View Full Version : Cleaning old shutters

Martin Patek-Strutsky
28-Mar-2004, 03:43
I brought several old and sticky shutters back to life without disassembling them. I simply detached them from the lens, took off the covering and gave them a firm splash with lighter fluid. Usually after this treatment the shutters worked perfect at all speeds.

However this technique has one shortfall. It seems to wash bits of dirt on to the blades and then dry out leaving them behind. Cleaning the blades with cotton buds soaked in lighter fluid or alcohol didn't work. I didn't dare to try other techniques.

Has anyone experienced the same problem and got around it?

david clark
28-Mar-2004, 09:34
Hi Martin, I think I ruined a shutter once by the very technic you describe. I think the solution for the blades was to remove them and polish them. It seems some of the success of the older shutters is knowing what to lube and what not to lube. Some of the older shutters are easier to work on than others, just by virtue of the fact they don't have as many parts. Good luck.

Martin Patek-Strutsky
28-Mar-2004, 11:16

fortunately my experience has been more successful than yours. The shutters I cleaned using the method above work perfectly. Additionaly the light dirt coating on the blades seems to have no effect on functionality. It is just that the visual impression disturbs me.

I just wonder how a pro would clean a shutter. I don't think he would completely disassemble it. Otherwise it would take hours and the price for a shutter CLA would reach the dimensions of overhauling a fine watch (300$ and up).

Alan Davenport
29-Mar-2004, 07:41
I've used the lighter fluid method with good results. There are some older shutters, I'm told, that have blades made from some kind of fiber-based material and might swell or soften in lighter fluid. Make sure your aperture has metal blades before proceeding...

Scott Walton
29-Mar-2004, 10:40
I take apart my Seiko's, compounds, and compur's but with alcohol and works great. It has just enough lube to be effective.

david clark
29-Mar-2004, 10:46
I don't know guys. It seemed to me the speed of the openning and closing of the blades was dependent on a twitching action of a ring running in a race or grove. I thought that any lube in the grove would slow the action. I know that like metals gull, and so it seemed the mechanism is based on the action of two dissimilar metals sliding against each other. And it seemed that those surfaces have to be clean of tarnish or corrosion that builds up over time, and so I thought it necessary to polish the ring and grove assembly that the blades are attached to. But then I was working on some pretty old shutters too.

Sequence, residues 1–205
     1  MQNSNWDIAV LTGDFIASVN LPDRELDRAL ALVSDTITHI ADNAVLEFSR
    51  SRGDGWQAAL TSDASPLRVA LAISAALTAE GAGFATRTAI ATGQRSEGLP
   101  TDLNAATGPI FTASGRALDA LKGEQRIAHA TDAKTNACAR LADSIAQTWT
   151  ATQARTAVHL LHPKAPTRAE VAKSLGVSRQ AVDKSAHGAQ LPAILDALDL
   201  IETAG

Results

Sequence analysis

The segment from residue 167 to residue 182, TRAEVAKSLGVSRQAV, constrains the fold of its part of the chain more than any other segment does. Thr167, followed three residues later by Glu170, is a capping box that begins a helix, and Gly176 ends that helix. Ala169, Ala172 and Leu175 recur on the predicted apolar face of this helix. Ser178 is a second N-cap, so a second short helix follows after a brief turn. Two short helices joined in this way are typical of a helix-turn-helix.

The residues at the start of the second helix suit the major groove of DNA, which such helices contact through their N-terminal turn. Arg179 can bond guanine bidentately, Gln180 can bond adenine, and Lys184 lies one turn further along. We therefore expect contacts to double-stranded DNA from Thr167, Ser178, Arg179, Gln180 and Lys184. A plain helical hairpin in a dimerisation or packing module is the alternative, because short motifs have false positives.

george jiri loun
29-Mar-2004, 13:53
Generally considered, what is lubed, is lubed for a good reason. If you take away the lube it can work for some time but later it will need lubing. The problem is not to take away the lube with the lighter fluid but to lube the mechanism afterwards. The proposed solution is an invitation to future troubles.

Alan Davenport
29-Mar-2004, 21:50
Absent any specific factory-based advice to the contrary, I limit relubrication to the ends of the rotating shafts in the mechanism. I use the smallest screwdriver tip in my arsenal to apply micro-drops of oil to the shaft ends. So far, so good...

Ole Tjugen
29-Mar-2004, 23:22
There are specific points that should be lubricated with any one of four different lubricants. I bought a compur repair manual on eBay, so now I know at least that much... I also know how to adjust the times, and how to reasemble the shutter ;) The only shutters I'm not willing to open are Compounds. I resort to prayer to keep them running and precise. It's worked so far?

Martin Patek-Strutsky
30-Mar-2004, 02:49
Ok, but coming back to my original question: Don't you discover some dirt residues on the blades after successfully completing the shutter wash?

Is this just unavoidable or what is my mistake?

Jon King
30-Mar-2004, 09:48
I've succesfully cleaned dial-set Compurs and Compound shutters. Ole, I've found the Compund shutter simpler than the Compurs.

I first tried a simple flush, but got the same residue on the shutter blades, so I now remove the shutter blades and aperture mechanism before cleaning, and clean the blades seperately. This approach has worked well. I have not disassembled the mechanism further than that, but flushing the clockwork, and lubricating pivot points has worked for me.